Naperville 1920 Flashback: Built to Be Haunted?
In 1920, North-Western College (now North Central) celebrated its 50th anniversary in Naperville and was making plans to build Pfeiffer Hall. The Halloween season seems a good time to talk about how Pfeiffer is the site of many reported hauntings.
Henry and Gustavus Pfeiffer, who were founders of Pfeiffer Chemical Company, were major donors and named the hall for their mother Barbara. Henry attended North-Western in 1875 and briefly operated a drugstore in Naperville on west Van Buren. In further business dealings, the brothers amassed a very impressive fortune. Henry and his wife, Annie, never had children and were inspired by “The Gospel of Wealth,” an article written by Andrew Carnegie who believed that those blessed with exceptional wealth had a responsibility of philanthropy.
Carnegie built over 2,000 libraries across the country – in fact, there is one on North Central’s campus – and the Pfeiffers also shared their fortune with schools and churches in many states. In total, North Central College received $475,000 from Henry and Annie and were instrumental in providing the $230,000 it cost to build Barbara Pfeiffer Memorial Hall.
North-Western College was associated with the United Methodist Church and Pfeiffer Hall opened in 1926 as the Chapel-Music building with seating for almost a thousand. The auditorium continues to host speakers, plays and musical performances today, despite its haunted reputation.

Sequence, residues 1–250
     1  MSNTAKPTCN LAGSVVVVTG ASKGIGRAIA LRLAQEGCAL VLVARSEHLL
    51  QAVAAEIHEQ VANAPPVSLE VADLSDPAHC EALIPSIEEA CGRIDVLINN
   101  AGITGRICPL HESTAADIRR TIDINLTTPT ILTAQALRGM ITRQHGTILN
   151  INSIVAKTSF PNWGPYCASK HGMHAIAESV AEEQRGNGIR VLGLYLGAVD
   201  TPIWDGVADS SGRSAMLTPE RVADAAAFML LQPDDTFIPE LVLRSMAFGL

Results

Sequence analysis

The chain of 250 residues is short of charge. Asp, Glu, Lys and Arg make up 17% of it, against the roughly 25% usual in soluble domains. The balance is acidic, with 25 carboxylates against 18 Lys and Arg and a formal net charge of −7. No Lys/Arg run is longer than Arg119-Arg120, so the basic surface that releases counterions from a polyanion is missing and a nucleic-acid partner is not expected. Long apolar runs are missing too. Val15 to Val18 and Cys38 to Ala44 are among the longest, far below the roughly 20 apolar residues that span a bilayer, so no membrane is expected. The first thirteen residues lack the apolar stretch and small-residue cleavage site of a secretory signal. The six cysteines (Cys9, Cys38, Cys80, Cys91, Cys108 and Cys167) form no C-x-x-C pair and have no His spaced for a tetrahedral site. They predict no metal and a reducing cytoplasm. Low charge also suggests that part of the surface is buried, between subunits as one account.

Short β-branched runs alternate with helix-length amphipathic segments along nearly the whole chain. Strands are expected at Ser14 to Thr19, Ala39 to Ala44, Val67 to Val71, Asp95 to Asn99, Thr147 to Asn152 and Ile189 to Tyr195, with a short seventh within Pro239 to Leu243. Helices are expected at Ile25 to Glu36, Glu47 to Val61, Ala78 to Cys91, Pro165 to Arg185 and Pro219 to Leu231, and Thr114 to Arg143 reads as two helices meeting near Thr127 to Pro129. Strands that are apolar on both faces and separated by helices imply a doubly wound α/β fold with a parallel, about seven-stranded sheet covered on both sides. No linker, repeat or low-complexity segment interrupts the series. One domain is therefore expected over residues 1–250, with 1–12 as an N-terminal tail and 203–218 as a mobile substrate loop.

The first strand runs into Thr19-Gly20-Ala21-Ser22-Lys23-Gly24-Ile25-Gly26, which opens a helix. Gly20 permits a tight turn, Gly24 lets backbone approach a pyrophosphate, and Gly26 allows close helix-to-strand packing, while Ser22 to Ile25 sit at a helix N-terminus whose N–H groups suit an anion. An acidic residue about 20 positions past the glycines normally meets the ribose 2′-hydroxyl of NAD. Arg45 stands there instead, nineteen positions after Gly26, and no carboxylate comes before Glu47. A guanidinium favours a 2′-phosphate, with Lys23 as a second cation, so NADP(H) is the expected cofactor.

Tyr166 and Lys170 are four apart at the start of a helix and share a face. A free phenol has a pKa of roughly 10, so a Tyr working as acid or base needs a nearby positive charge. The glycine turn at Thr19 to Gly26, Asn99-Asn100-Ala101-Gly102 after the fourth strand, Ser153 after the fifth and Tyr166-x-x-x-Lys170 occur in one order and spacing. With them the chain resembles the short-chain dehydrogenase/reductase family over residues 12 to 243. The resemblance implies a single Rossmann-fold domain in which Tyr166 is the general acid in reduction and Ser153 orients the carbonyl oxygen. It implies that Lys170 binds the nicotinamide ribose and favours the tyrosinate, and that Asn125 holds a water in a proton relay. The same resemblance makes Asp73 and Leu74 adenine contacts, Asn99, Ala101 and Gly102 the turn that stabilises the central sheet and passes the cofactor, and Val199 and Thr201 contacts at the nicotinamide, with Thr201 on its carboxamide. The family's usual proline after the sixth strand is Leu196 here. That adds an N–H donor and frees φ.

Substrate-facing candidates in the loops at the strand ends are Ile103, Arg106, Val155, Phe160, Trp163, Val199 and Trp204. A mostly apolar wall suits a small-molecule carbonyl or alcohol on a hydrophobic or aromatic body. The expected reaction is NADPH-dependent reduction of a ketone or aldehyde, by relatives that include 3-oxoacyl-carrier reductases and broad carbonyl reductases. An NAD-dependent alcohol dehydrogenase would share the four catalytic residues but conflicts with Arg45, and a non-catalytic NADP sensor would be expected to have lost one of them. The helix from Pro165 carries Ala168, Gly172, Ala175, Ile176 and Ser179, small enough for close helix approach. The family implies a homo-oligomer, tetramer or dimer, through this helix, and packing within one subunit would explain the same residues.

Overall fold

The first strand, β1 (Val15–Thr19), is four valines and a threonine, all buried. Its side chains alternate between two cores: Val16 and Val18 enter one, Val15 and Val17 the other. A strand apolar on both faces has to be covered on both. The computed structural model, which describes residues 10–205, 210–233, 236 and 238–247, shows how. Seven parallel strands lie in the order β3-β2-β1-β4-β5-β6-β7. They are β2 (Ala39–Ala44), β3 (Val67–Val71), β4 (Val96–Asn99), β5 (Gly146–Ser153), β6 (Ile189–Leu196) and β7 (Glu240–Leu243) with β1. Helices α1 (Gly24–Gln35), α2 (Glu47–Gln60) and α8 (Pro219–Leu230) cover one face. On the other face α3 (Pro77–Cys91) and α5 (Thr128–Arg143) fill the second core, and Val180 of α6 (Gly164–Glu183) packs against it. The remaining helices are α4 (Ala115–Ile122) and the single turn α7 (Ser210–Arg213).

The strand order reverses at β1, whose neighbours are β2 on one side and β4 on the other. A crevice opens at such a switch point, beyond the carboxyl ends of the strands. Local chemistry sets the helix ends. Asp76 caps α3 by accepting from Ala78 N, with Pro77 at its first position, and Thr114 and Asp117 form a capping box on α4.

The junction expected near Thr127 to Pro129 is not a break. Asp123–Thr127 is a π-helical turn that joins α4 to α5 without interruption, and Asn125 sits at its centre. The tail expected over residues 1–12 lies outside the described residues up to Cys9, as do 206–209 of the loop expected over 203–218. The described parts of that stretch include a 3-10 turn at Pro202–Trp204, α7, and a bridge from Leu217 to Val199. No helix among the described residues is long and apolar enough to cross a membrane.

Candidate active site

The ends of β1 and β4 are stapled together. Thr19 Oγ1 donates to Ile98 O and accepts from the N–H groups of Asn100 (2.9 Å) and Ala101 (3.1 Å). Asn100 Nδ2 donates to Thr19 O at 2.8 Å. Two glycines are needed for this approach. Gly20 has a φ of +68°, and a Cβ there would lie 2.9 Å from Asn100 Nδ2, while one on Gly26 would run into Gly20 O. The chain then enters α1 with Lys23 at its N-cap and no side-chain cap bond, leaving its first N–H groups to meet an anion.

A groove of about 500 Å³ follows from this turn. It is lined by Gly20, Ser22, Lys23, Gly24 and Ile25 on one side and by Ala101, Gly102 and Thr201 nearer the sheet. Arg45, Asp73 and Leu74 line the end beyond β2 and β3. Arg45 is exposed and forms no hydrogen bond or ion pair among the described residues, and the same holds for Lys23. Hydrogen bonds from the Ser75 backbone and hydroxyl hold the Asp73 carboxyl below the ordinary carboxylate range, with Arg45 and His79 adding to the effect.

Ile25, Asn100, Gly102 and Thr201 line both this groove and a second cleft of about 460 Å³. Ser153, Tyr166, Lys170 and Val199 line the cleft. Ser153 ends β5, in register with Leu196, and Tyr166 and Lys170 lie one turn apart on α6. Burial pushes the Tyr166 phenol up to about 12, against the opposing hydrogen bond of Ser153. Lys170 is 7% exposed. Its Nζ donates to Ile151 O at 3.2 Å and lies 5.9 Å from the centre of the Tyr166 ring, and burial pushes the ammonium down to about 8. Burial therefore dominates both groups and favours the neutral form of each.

Among the many ghosts sightings that have been reported are “Charlie Yellow Boots” and “The Lady in White.” Charlie is thought to be a custodian who worked at Pfeiffer until the 1950s and wore distinctive boots. A psychic supposedly described the spirit’s footwear which was recognized by someone who remembered the janitor.
The Lady in White has been seen applauding from her seat in the audience during shows. The most popular candidate for who the Lady might be is Miss Anna Pates of Oak Park and there is considerable evidence to support that theory.
Don Shanower was a professor in the theater department at North Central College from 1955 until 1986 and was also one of the founders of Naperville’s Summer Place Theatre. In the spring of 1966, he directed his students in a brand-new musical based on “The Mutiny on the Bounty.” “Bligh Me” was written by Robert Lewis and John Danyluk and this was a preview of what they hoped would be continuing on to Broadway.
A prolific writer of television scripts as well as advertising copy, Lewis was born in Oak Park, Illinois and his Aunt Anna, age 92, still lived there. She came to Naperville, all excited, to see her nephew’s play on Saturday, March 26, 1966, but, according to the story, she passed away during the first act. Family trees and census records prove the connection between Oak Park, Lewis, and Pates. A Chicago Tribune article announced the debut of “Bligh Me” in the March 24 issue. Pate’s obituary says she passed “suddenly” on March 26. And several family members have even written about the event online.
While it’s interesting to confirm the facts of the story, whether Aunt Anna is actually haunting Pfeiffer Hall as the Lady in White is of course quite another matter! The next time you attend an event there, maybe you can find out for sure…